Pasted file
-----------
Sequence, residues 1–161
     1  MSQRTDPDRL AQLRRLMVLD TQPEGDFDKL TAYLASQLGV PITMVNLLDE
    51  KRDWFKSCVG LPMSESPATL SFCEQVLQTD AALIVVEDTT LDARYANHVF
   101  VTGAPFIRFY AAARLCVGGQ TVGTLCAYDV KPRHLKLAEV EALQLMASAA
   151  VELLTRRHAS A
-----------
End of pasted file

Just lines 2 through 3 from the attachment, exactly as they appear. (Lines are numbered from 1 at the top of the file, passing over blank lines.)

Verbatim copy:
     1  MSQRTDPDRL AQLRRLMVLD TQPEGDFDKL TAYLASQLGV PITMVNLLDE
    51  KRDWFKSCVG LPMSESPATL SFCEQVLQTD AALIVVEDTT LDARYANHVF